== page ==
Rolls-Royce sets sail for robotic shipping with virtual bridge concept
Rolls-Royce, VTT Technical Research Centre of Finland, and Aalto University are expanding on their ideas for a virtual bridge that could soon lead to a future where the line between manned and robotic ships becomes completely blurred. Combining automated ship systems and constant high-data level communications, it's part of what Rolls-Royce see as the "next major transition for the shipping industry."
Today, there's more shipping than ever. Ships are becoming more complex, requiring large amounts of data streaming within and without the hull, regulations are growing by the day, fuel costs increase, and environmental pressures become more acute. At the same time, skilled crews willing to spend weeks at sea are becoming harder to find. According to Rolls-Royce, this, combined with the requirements of the latest developments in propulsion, navigation, and other on-board systems, will require complex interactive data and control systems that could one day lead to autonomous ships that don't require crews
The concept, Ship Intelligence, is based on a new bridge called the Future Operator Experience Concept or "oX." This turns bridge positions into smart work stations and the bridge itself into an augmented reality control center. This week, Rolls-Royce unveiled its latest version of the concept, which it says could become a reality in ten years.
The difference between the oX and a bridge of today is more than the science fictiony consoles and futuristic chairs. This is obvious the moment one of the crew walks on the bridge, where sensors identify them, call up their individual duties and specifications, and reconfigure their stations accordingly to suit the the task at hand and the ergonomics of the user.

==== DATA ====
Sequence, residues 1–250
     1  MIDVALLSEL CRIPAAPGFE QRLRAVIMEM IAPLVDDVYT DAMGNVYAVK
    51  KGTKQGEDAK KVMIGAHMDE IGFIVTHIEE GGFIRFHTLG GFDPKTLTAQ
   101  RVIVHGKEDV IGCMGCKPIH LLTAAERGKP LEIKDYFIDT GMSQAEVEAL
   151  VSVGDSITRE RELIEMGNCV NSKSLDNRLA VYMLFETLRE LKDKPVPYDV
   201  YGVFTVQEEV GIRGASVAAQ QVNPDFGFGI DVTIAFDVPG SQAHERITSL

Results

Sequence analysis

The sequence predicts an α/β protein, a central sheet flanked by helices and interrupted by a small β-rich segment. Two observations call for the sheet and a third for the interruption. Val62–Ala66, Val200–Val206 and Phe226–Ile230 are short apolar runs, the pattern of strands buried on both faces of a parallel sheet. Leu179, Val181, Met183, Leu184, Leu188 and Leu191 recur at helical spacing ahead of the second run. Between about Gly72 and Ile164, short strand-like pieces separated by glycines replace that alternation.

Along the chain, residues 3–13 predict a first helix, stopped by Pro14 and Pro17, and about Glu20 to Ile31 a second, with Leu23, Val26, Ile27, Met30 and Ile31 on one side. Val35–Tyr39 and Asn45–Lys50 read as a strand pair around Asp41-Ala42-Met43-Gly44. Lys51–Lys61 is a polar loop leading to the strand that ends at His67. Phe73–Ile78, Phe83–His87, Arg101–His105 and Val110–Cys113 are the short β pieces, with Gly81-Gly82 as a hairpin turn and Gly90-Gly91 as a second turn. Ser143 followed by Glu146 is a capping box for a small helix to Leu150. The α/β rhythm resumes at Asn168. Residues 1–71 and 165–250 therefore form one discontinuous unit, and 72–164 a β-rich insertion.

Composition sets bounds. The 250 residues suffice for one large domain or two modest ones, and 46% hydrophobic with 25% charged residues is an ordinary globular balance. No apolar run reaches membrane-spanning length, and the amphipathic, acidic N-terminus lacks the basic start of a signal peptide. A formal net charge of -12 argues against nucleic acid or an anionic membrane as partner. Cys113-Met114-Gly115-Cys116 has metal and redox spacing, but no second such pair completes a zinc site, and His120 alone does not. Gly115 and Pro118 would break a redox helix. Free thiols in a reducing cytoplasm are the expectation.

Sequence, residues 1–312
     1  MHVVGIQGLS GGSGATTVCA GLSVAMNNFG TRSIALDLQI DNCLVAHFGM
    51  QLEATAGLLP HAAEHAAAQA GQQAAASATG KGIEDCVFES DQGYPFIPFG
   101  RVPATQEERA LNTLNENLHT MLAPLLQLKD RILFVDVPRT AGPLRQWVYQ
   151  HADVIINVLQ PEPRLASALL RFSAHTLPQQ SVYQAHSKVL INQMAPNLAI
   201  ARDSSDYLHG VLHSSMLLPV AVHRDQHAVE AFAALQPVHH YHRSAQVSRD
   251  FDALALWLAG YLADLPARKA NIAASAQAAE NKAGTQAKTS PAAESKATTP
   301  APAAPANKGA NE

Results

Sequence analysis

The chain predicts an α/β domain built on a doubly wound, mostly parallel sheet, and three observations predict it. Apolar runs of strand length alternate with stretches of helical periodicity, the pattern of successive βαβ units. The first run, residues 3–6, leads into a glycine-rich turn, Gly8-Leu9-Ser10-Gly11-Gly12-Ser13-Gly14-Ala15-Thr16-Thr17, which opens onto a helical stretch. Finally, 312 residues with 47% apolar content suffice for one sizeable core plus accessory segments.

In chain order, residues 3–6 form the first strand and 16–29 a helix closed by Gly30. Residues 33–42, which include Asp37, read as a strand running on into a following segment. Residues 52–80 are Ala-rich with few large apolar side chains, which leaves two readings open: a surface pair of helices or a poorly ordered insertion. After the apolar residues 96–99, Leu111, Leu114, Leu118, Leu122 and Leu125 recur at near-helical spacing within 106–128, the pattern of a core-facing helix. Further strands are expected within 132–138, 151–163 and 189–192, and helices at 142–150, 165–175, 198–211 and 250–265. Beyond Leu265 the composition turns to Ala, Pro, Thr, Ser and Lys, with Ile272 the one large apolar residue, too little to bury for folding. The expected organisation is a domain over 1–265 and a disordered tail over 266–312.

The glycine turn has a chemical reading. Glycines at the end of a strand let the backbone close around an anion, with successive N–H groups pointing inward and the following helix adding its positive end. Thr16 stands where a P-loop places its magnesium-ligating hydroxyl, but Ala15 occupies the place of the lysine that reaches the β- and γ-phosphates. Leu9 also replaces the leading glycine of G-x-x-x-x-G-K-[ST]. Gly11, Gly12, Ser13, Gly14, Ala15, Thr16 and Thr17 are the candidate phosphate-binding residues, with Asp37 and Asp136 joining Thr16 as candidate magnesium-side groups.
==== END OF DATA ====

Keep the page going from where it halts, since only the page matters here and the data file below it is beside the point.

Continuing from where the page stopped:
The windows of the bridge are actually augmented reality displays that overlay information and enhance visibility of the ship's surroundings by means of an array of cameras and other sensors. This display can show navigation tracks and hazards, provide warnings and data about other ships in the area, and highlight ice, shoals, and other things that might not otherwise be visible – including the ability to make the ship "invisible" and eliminate blind spots or show up deckhands who might otherwise be hidden behind equipment.
Based on a study of user experiences and preferences, the oX system is designed to be used on a wide array of ships, from giant cargo container ships to platform support vessels. According to Rolls-Royce, oX is more than a glorified autopilot or data display device. It's designed to operate in concert with fleets of vessels and other facilities coordinating with shore control centers and exchanging massive amounts of data.
For example, in platform support operations, oX allows the shore control center to provide a detailed operations plan for the captain, oversees the vessel's approach to the platform, coordinates and maintains a robotic ship on standby in the event of trouble, compensates for equipment malfunctions, and can even autonomously move cargo containers from the loading area on deck to their stowage points. At any point, control of operations can shift between the captain, the autonomous system, and the control center as required.